Nikke Finke says of the unsatisfying Sopranos conclusion:
The Nielsen reality is that people don’t watch TV closely anymore, much less remember what went on from week to week, to give such a subtle ending its proper due.
Well by all means let’s make sure all our art kowtows to the idiots in the audience. Remember when The Sopranos was being praised for being complex, Shakespearean and a cut above the normal TV fare for its evolving morality and lack of tidy wrap-ups? Now David Chase is being condemned for ending his series in that same way.
I didn’t watch the show since I haven’t subscribed to HBO for a while and have just never been moved to rent the DVDs – though I’ve now added them to my Netflix queue. But it seems to me that leaving the fate of Tony and his family open to interpretation is completely in line with the series as it had been to date – there are no easy answers and there’s never really a light at the end of the tunnel, whether it’s redemption or death.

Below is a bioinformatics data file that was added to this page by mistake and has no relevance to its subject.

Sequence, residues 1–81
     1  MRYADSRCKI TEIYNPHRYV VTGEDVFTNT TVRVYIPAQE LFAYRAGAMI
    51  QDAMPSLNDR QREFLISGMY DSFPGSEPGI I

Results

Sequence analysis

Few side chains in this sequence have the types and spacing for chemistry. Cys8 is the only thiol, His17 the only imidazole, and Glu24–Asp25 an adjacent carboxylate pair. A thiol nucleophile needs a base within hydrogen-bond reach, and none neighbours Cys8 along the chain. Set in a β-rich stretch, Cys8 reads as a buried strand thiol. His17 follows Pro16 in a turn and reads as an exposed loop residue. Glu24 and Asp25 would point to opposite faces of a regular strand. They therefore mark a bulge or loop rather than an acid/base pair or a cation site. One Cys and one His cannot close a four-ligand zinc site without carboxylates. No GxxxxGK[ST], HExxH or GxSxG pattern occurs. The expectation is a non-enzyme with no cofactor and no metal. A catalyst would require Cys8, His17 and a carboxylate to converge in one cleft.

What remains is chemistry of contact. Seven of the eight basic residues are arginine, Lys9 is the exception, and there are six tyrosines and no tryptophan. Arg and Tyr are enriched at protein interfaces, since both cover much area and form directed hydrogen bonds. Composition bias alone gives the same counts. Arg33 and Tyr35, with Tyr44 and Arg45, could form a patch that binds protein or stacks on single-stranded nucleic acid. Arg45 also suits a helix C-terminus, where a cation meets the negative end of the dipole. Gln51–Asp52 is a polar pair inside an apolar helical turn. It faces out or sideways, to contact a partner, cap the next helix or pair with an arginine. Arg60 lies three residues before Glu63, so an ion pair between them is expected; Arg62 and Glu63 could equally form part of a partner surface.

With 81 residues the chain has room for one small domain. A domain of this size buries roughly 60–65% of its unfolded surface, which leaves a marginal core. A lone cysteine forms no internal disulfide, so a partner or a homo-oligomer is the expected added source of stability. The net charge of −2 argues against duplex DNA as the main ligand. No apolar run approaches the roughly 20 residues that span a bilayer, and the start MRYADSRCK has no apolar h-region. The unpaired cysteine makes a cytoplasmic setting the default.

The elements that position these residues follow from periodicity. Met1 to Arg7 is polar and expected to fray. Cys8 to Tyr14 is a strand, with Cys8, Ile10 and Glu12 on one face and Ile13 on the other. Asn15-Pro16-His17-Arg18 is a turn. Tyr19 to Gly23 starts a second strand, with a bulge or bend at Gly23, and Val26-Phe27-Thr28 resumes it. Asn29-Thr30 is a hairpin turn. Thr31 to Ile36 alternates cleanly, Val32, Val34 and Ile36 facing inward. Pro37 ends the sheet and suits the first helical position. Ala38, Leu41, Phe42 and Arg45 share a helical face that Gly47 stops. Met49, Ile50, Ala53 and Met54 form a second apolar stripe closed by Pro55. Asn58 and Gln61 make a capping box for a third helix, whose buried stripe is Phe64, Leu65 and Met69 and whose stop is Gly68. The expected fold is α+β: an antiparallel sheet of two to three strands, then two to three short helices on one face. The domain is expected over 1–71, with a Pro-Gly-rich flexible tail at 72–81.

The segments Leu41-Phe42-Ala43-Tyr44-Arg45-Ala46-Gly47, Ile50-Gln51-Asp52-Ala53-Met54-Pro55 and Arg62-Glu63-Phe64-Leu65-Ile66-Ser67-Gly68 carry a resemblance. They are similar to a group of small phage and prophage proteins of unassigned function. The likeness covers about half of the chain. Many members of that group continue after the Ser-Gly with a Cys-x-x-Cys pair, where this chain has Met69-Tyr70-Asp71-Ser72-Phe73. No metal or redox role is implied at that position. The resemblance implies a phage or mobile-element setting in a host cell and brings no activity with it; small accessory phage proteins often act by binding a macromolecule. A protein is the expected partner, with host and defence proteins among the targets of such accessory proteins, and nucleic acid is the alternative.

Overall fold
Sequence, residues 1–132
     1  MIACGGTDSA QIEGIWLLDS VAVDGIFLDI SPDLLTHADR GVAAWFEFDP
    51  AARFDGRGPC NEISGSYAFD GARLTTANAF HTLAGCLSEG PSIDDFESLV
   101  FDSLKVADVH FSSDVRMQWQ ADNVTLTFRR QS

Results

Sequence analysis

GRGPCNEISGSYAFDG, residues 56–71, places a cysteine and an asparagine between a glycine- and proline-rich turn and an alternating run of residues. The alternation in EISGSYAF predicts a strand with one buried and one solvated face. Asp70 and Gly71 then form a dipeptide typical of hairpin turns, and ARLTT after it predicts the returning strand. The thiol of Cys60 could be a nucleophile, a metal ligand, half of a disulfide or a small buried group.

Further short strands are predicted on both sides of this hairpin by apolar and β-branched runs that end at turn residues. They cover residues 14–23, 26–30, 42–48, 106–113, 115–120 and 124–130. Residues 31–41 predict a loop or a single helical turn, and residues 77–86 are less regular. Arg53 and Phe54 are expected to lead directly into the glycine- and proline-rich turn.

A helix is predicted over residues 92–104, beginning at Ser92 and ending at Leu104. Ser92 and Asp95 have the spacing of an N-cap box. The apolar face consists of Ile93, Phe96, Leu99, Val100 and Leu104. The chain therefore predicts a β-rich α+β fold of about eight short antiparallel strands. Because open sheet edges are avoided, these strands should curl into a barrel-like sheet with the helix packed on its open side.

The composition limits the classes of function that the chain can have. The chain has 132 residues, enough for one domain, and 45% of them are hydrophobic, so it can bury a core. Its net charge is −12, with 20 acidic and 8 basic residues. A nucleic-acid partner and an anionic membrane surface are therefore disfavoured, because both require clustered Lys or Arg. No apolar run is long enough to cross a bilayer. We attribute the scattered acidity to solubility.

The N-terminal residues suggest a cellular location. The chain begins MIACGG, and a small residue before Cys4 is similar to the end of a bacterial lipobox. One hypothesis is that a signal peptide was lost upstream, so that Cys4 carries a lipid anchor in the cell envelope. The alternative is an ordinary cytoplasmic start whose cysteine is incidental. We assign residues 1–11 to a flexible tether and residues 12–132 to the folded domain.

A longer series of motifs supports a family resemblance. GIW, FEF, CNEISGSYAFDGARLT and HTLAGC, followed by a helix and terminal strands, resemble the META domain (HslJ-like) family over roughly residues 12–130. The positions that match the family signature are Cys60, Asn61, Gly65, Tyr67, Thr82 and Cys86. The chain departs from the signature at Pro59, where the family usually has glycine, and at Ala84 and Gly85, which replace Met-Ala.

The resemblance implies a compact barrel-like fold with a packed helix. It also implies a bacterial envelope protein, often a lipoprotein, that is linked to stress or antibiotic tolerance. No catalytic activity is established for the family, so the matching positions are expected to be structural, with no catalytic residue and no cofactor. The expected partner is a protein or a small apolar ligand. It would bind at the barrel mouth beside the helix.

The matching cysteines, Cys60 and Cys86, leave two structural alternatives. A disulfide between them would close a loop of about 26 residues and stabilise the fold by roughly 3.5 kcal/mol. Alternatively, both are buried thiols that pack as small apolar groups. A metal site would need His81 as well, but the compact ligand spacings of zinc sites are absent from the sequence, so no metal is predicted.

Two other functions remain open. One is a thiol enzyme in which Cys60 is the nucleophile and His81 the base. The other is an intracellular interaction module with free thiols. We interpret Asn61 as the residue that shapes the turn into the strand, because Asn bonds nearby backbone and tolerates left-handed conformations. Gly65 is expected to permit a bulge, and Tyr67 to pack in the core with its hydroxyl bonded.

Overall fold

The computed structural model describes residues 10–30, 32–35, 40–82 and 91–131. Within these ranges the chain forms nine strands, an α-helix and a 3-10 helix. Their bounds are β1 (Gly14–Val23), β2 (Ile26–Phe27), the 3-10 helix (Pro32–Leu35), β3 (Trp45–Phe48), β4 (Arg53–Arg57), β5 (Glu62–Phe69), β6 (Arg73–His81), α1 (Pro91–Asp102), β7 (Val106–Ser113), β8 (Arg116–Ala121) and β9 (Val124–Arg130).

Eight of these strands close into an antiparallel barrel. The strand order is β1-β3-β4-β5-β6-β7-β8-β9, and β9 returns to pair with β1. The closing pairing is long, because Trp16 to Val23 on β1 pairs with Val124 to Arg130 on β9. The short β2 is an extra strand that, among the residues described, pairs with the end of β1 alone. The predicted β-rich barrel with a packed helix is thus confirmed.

Good for Chase for completely messing with people’s expectations like this. It’s good that the audience be presented with art that is thought provoking instead of easily palatable and bland. If people feel the Sopranos or any other show is too complex to keep up with I suggest any of the number of reality or procedural dramas on the networks that offer easy-to-follow plots and nice tidy wrap-ups at the end of 45 minutes.